Williamstown Planners Discuss Changes to Development Rules
Donald Dubendorf, Charles LaBatt and Jamie Art participate in a public hearing hosted by the Williamstown Planning Board.
WILLIAMSTOWN, Mass. — The Planning Board last week opened a dialogue with local experts in the area of residential development to see what changes might be made to the town's regulations.
Outgoing Planner Patrick Dunlavey convened the brainstorming session, which he characterized as his "swan song" on the board, and framed it in terms of addressing the town's 61-page "Subdivision Rules and Regulations," which were adopted in 1959 and last modified in 1993.
In a matter of moments, the scope of the discussion grew, and the board's guests — which included land-use attorneys, an engineer, a developer and a Realtor — encouraged the planners to look at a major overhaul of the town's zoning regulations.
"I think it's wrong to start with the subdivisions law," attorney Donald Dubendorf said. "You should start with major developments. ... It's been on the books since 1989, and no one has ever done one in Williamstown. They're undoable.
"I would urge you ... to expand the scope of the discussion and put subdivision regulations in the context of a larger discussion."
Dubendorf said the town's current zoning encourages larger lots that are also encouraging higher-end development and discouraging the kind of housing that working-class families need.
"I think there are real possibilities to rethink that major development bylaw," Dubendorf said. "I'm not sure what we want for Williamstown is a rich and very much aging ghetto.
"Regardless of your ability to fashion it immediately, I think there's an imperative to think about it more broadly."
Dubendorf was joined at the meeting by fellow attorneys Elisabeth Goodman and Jamie Art, developers Robert Scerbo and Charles Fox, engineer Charlie LaBatt, Realtor Paul Harsch and Williams College environmental studies professor Sarah Gardner.
Harsch picked up on Dubendorf's theme about Williamstown's zoning restricting all but high-end residential development.
"For so many years, the theme of all the boards, the underlying current ... was let's exclude, close the gates, restrict growth, restrict access," said Harsch, who said he had been working in the town since 1975.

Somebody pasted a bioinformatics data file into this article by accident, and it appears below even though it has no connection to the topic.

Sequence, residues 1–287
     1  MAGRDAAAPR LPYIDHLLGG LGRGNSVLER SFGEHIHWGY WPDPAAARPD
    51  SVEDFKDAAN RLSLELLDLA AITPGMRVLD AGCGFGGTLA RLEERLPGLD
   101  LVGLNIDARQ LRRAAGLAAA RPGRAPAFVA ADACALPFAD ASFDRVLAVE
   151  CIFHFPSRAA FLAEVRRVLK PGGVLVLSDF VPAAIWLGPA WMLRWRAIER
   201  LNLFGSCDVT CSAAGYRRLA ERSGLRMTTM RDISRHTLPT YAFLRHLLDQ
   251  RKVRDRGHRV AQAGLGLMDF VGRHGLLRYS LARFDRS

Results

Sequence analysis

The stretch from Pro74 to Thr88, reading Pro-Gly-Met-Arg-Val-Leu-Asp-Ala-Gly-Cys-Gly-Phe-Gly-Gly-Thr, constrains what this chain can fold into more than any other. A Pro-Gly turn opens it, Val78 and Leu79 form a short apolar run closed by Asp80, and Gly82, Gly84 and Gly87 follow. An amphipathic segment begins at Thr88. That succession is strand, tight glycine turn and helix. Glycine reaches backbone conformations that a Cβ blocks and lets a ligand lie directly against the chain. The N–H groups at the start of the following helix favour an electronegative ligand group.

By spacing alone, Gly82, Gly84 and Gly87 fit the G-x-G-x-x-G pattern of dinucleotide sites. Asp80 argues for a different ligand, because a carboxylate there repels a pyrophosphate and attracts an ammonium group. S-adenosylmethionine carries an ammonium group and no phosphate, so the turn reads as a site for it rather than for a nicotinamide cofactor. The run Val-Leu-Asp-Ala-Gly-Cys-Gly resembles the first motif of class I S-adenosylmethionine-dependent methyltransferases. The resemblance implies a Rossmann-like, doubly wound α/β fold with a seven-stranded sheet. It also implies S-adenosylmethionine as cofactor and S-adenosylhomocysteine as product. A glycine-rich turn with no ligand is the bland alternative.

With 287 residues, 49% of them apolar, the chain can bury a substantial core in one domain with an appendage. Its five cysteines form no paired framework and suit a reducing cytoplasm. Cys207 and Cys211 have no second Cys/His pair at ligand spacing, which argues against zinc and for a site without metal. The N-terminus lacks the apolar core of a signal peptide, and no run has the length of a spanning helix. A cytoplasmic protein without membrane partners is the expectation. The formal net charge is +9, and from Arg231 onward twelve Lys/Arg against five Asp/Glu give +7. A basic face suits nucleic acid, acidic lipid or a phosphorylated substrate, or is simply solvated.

"That seemed to work for a while because the town was wealthy, there were jobs and there was growth. An underlying fear by the boards was that we must contain and limit growth or we'd spoil this beautiful town.
"Guess what? Now we're worried about too many people leaving. ... That's going to impact existing residents' property taxes.
"I'm not for spoiling the town by any means. I love this town. It's a thing of beauty. We're not going to see, under any circumstance, a huge influx of people."
Goodman suggested that a good place for the Planning Board to start is with simplification of the subdivision code itself.
"You might have a development that doesn't fall into one of those criteria," she said. "I don't think the criteria are helpful in creating a development model in your head."
Art emphasized the degree of subjectivity and board discretion in Williamstown's current regulations.
"An objective engineering exercise, that's what developers who are going to invest a lot of money want," he said. "They want some certainty that if they hit these engineering standards and objective outcomes, they're entitled to their permit."
Scerbo echoed that point, noting that developers like to know what to expect before they enter into a process.
Former Planning Board member Sarah Gardner, who now serves on the town's Conservation Commission, suggested the planners look at the concept of a conservation subdivision bylaw, under which denser development is allowed within a parcel on the condition that developers preserve half the acreage for common open space.
"The new thing in planning literature is an agricultural subdivision," Gardner said. "it's the same idea, but the common land is farmland."
Another theme that emerged from the discussion at the March 18 Planning Board meeting was the idea of creating zone-specific development standards.
"Has anyone taken the time to identify parcels in town that have the potential to be developed?" Harsch asked rhetorically. "If you figure it all out and come up with a wonderful scheme and no place to put it into reality, what have you accomplished?
"To build on [Scerbo's] point, maybe the first exercise is to get someone on the Planning Board or some other department to look at the town map and say, 'Yes, something could conceivably go here or could go here.' Why not identify feasible areas and then try to build bylaws and regulations around what you'd like to see in those areas?"
Dunlavey initially indicated that he preferred to focus on incremental changes like the subdivision rules discussion he initiated. But the board seemed receptive to the kind of "big picture" changes proposed from the floor.
Goodman suggested the board engage the Berkshire Regional Planning Commission to get advice on how the town could approach major revisions.
Dubendorf said the March 18 meeting was a step in the right direction.
"I've practiced law in Williamstown since 1978, and I've never been invited to come to an open Planning Board meeting to discuss regulations," he said. "I congratulate the board for doing this. Whatever you do, it's important to hear from the people who are trying to wrestle with the regulations."
Tags: community development, development, zoning,